|Ci siamo spassati alla festa.
|To sort out a situation in a short time
|Me la sono sbrigata con il lavoro.
|To come out of difficult situations easily
|Sei bravo a cavartela nelle situazioni difficili.
|To show off
|Non mi piace quando ti tiri troppo la tua bravura.
Pronominal Verbs with ‘CELA’
|To do one’s best
|Devi mettercela tutta per vincere.
|To be upset with someone
|Perché ce l’hai con me?
Pronominal Verbs with ‘SENE’
|To not care about something or someone
|Me ne frego di quello che pensano gli altri.
|To go away somewhere
|Voglio andarmene in vacanza.
3 things you should know about the pronominal verbs
- In Italian, pronominal verbs that end in “-sela” or “-sene” always require the auxiliary verb “essere” in compound tenses. Consequently, the past participle agrees with the pronoun or subject, as shown in the following examples. For example “Non me la sono sentita (agreement with the feminine pronoun la)” or “Me ne sono andata (agreement with the feminine subject)”.
- If the pronominal verb ends in -ci, -ne, -cela, -cena the auxiliary verb to use in compound tenses is ‘avere‘. For example, “non ce l’ho fatta (agreement with the feminine pronoun la)” or “me la sono presa (agreement with the feminine pronoun la)”.
- Some verbs are always matched with fixed prepositions, for example:
- Farcela a – to manage
- Sentirsela di – to have the courage to do something
- Avercela con – to be upset with someone
- Riuscire a – to be able to
- Smetterla di – to stop doing something
Pronominal verbs are commonly used in informal and colloquial Italian speech. Using them can make your Italian sound more natural. Here are a few examples of colloquial Italian sentences that use pronominal verbs:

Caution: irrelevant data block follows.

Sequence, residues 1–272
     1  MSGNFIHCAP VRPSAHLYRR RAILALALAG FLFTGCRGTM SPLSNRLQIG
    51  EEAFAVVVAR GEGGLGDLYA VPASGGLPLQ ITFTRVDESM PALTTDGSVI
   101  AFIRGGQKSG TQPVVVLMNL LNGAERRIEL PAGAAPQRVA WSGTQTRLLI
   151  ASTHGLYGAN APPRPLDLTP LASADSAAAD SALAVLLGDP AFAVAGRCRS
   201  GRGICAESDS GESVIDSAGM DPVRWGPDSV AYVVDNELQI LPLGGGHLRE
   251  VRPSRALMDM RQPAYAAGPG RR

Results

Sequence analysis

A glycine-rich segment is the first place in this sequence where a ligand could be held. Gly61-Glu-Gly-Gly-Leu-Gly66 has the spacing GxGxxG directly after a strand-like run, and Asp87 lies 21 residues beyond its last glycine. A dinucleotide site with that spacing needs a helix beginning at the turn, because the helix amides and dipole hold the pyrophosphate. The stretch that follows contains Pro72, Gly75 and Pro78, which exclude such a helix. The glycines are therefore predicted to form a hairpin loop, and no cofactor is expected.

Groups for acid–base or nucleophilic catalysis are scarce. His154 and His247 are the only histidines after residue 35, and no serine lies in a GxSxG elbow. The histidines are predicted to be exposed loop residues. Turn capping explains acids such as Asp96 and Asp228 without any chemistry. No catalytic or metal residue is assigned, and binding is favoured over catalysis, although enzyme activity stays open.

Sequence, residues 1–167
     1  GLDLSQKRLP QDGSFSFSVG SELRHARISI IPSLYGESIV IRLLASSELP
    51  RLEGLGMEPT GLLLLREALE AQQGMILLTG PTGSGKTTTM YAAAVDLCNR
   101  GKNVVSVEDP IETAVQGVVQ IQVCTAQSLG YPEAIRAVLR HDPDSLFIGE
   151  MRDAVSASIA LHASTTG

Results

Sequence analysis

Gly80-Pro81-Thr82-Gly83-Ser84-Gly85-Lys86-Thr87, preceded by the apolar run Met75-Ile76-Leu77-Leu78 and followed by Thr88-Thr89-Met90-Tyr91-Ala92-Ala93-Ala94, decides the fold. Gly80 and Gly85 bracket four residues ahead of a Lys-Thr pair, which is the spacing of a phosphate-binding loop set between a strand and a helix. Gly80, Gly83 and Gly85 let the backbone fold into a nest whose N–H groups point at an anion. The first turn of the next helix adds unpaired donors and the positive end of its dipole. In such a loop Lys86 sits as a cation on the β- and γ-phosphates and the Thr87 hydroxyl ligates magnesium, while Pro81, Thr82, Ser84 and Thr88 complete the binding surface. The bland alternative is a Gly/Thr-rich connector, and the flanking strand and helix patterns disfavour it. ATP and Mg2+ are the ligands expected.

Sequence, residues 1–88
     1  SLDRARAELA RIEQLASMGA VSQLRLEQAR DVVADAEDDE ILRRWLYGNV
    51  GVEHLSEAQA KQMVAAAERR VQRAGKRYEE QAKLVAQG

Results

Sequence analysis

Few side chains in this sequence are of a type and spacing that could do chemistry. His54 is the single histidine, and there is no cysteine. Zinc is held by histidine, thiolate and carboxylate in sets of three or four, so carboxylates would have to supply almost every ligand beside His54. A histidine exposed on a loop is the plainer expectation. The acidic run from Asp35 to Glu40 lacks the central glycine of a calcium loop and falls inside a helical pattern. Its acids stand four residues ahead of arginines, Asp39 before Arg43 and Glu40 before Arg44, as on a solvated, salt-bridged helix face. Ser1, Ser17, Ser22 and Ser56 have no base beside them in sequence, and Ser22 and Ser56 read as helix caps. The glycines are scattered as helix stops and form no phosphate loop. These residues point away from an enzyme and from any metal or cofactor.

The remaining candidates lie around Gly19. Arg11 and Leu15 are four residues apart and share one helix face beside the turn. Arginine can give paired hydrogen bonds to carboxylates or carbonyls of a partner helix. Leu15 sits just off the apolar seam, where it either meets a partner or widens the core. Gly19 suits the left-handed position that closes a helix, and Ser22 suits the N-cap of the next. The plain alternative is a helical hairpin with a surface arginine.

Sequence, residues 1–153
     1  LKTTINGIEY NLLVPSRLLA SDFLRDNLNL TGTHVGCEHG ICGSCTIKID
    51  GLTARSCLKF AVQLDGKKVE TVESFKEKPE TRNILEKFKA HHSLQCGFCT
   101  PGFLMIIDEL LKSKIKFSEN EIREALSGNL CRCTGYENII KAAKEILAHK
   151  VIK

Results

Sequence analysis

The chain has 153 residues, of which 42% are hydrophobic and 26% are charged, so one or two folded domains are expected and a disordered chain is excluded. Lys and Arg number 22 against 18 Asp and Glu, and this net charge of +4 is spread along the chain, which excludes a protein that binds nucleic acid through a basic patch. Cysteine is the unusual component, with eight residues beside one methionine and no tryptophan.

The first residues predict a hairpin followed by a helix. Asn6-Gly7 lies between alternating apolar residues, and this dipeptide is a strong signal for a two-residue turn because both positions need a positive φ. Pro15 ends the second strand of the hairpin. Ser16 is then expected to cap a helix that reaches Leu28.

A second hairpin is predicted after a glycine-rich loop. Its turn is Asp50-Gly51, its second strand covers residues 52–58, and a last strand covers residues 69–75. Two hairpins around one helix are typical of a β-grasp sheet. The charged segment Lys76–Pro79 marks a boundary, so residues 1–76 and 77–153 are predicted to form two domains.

|To fare (well/badly)
|Come te la passi? – How are you doing?
|Not to give a damn about something
|Me ne frego di quello che pensi. – I don’t care about what you think.
|To manage (positively)
|Ce la facciamo a finire questo lavoro entro oggi? – Can we manage to finish this work within today?
|To understand something (colloquial)
|Me lo puoi ripetere? Non ci arrivo. – Can you repeat it? I don’t get it.
|To be fed up, to be exhausted or to be unable to cope with something
|Non ce faccio più! – I am exhausted!
|To have a blast
|Ce la siamo spassata l’altra sera. – We had a blast the other night.
Italian pronominal verbs and the imperative tense
When using the imperative tense to give commands or advice in Italian, a general rule of thumb is to place the pronouns after the verb and attach them to it.
- Smettila! – Enough!
- Metticela tutta! – Do your best!
- Vattene! – Go away!
- Non andartene! – Don’t go!
- Non avercela con me! – Don’t be mad at me!
What’s the most effective to learn Pronominal Verbs in Italian?
The most effective way to learn how to use Italian pronominal verbs is through a technique called “shadowing“. How does it work? First, it’s important to understand how they work and how to conjugate them correctly. Once you have a good grasp of the grammar, you’ll start listening for pronominal verbs in natural Italian conversations or reading them in context. Since many pronominal verbs don’t have a direct translation and are highly contextual, the best way to learn them is by observing how native speakers use them in different situations. In other words, learning with visual and contextual examples can be very beneficial